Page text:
Knowing the generic location of facial features allows you to have a starting point for your portrait. When the relative proportions of a body are so understood you don’t have to think about them you can construct a figure without thinking about it. Additionally you will “see” how the model does or does not fit this “ideal”; and that makes getting it right simple, because you know what’s “wrong”. Therefore when I look for instructional information I’m looking for the fundamentals, the basics; hold the pencil like this to do that, a sable brush will do this differently than a boar hair, cold press vs. hot press – ‘because’.

Any suggestions meeting this criterion?

When you know these fundamentals you are grounded, you have someplace to take off from. All Masters had this ground and could then take off. This is true whether they are Pablo Picasso, Amedeo Modigliani or El Greco(Doménicos Theotokópoulos) all knew what they were doing.


Having been at it for quite awhile I have had to figure out a lot of things for myself. I am not averse to instructional books, however too many just show a series of stages without an explanation. I recall many years ago when I read an explanation of how to make something look round. This was great because it explained how the shadows fell and where the highlights and reflections were. I’ve used this ever since, whether on apples, wings of noses, or fat baby cheeks(actually I don’t do fat baby cheeks, but this datum was fully applicable to that).

So what I think is valuable in an instruction book is clear examples and explanations of the Basics. A ground in the basics of drawing or painting will carry you through your artistic journey.

I’ve been backed off of watercolour because I didn’t know any basics of where to start. Now I may have just found what I needed. Check out:

Watercolor Secrets by Tom Lynch ISBN: 1929834012

From Sketch to Painting by Wendy Jelbert ISBN: 0855329955

more art of film

OK “The Bucket List” is an old movie, but it’s still in the theatre. Go see it.

In order to evaluate or judge something you need a measure to gauge against. For film I have Casablanca(directed by Michael Curtiz, who manages to get the most Bogie out of Bogart) at the top of the all time list with Road to Perdition(directed by Sam Mendes) as the Modern yardstick. Those who might argue the ‘Die Hards’ or the ‘Terminators’ at the top miss the point; I’m talking about serious filmmaking not slapstick.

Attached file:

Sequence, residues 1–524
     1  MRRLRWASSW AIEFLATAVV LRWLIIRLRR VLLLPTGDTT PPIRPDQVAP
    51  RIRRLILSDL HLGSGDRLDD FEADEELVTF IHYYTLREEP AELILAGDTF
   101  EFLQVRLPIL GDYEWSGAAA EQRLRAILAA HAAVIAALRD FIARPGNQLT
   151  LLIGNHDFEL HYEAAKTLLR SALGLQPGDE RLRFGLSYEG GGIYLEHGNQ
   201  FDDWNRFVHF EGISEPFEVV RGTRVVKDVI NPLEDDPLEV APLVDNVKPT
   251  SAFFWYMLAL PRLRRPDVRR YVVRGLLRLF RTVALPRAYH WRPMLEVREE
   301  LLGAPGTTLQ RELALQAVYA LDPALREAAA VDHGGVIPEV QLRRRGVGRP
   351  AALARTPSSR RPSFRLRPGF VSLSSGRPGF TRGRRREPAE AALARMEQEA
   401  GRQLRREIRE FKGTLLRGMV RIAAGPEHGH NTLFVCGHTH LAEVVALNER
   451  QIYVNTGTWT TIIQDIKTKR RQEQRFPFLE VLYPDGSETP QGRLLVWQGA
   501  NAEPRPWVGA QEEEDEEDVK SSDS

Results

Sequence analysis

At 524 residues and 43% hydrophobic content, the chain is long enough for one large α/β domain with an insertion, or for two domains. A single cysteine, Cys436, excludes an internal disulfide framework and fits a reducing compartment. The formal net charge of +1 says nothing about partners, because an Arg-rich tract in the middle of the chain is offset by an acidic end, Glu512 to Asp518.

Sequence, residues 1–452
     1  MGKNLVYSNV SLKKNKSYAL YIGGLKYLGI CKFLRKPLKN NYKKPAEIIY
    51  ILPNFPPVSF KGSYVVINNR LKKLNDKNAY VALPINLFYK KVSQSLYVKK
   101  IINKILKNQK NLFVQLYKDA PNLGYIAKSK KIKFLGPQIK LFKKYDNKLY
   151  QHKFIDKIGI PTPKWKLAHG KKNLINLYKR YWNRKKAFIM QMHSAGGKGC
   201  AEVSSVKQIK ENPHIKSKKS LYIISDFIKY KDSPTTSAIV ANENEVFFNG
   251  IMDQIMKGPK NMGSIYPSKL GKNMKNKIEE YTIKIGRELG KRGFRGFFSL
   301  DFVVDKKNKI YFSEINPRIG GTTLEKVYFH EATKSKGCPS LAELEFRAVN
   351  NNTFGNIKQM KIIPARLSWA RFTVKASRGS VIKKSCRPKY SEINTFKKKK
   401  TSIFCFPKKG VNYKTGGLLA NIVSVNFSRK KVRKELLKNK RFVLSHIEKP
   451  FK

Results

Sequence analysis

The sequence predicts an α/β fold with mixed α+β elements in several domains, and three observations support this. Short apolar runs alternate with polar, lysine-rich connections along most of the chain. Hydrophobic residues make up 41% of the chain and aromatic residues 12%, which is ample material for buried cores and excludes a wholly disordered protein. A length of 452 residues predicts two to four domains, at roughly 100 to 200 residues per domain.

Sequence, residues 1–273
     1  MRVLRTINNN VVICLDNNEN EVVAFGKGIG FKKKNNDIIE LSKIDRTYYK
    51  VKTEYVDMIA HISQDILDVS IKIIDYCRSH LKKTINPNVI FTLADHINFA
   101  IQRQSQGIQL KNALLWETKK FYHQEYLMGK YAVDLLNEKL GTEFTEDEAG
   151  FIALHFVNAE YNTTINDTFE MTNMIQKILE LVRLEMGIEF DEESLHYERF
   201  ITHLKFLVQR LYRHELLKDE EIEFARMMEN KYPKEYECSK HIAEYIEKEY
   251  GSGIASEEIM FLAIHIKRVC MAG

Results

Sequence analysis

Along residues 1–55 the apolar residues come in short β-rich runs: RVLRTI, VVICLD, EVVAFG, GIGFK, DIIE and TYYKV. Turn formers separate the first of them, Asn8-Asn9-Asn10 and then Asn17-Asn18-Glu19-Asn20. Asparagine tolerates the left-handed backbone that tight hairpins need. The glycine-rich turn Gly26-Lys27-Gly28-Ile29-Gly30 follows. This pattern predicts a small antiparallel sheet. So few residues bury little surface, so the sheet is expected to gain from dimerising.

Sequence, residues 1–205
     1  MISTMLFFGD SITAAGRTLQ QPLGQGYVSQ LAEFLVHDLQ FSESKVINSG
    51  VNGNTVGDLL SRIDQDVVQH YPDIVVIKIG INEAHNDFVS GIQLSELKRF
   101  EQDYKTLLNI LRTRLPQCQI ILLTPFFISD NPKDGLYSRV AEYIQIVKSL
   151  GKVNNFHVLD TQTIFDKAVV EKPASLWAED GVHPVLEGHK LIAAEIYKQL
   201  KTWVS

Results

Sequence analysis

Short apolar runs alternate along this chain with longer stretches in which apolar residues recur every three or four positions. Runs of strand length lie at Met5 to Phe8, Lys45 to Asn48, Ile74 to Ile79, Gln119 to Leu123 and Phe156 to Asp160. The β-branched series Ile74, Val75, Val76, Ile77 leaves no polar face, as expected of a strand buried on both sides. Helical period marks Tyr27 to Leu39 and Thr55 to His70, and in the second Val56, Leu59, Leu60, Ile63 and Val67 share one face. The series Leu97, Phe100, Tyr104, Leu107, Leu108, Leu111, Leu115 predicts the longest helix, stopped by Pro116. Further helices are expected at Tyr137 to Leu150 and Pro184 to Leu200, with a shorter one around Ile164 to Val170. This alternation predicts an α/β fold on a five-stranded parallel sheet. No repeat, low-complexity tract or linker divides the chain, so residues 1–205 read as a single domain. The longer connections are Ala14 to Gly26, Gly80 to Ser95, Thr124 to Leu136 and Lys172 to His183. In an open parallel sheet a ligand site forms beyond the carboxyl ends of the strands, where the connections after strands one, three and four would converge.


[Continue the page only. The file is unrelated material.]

The Bucket List
Directed by Rob Reiner

Jack Nicholson

Morgan Freeman

Sean Hayes

Beverly Todd

Here Nicholson displays probably his broadest range(in drama) as an actor. Not to slight his substantial comedic abilities. From his torment under chemotherapy, through his adventure of life, to the look on his face when the little girl smiles at him; this man can act. Even his signature phsyco makes a brief appearance in the boardroom “It’s just a question, Have any of you read The Divine Comedy?”

That Morgan Freeman holds his own opposite Jack, and gets in some of his own licks, is testament to his talents. His scene with Rowena King(Angelica) is pivotal and so poignant. The consideration that passes across his face is one of the finer acting lessons you could get.

The support by Sean Hayes and Beverly Todd, brilliant.

John Schwartzman’s cinematography so nice to look at. For instruction note his use of focus and choice of camera position.

I’d like to comment on the soundscape(Marc Shaiman and Stephen Bashaw), but it was so integrated I was transported by it without notice.

It is truely a shame Hollywood does not recognize the potential audience for real film making. But then the pantheon of directors(working today) of this caliber; Ron Howard, Steven Spielberg, George Lucas, Rob Reiner, and that kid Peter Jackson, is so small.